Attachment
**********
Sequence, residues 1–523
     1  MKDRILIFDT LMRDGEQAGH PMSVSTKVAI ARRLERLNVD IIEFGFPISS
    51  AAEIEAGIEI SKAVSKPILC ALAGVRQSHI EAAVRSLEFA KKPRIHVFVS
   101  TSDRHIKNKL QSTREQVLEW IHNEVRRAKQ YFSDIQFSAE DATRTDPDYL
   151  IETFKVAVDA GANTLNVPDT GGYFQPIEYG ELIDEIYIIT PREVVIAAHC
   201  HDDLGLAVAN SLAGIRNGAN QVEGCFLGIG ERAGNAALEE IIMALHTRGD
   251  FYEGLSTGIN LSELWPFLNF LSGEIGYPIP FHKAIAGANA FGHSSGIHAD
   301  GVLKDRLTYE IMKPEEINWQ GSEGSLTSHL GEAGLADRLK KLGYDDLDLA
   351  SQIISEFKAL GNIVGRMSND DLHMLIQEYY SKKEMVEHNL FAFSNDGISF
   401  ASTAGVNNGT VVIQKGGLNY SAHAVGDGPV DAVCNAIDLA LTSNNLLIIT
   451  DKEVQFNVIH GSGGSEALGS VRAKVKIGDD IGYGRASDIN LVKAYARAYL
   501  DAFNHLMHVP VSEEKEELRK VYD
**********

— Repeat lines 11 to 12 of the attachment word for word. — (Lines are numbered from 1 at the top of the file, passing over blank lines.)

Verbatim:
   451  DKEVQFNVIH GSGGSEALGS VRAKVKIGDD IGYGRASDIN LVKAYARAYL
   501  DAFNHLMHVP VSEEKEELRK VYD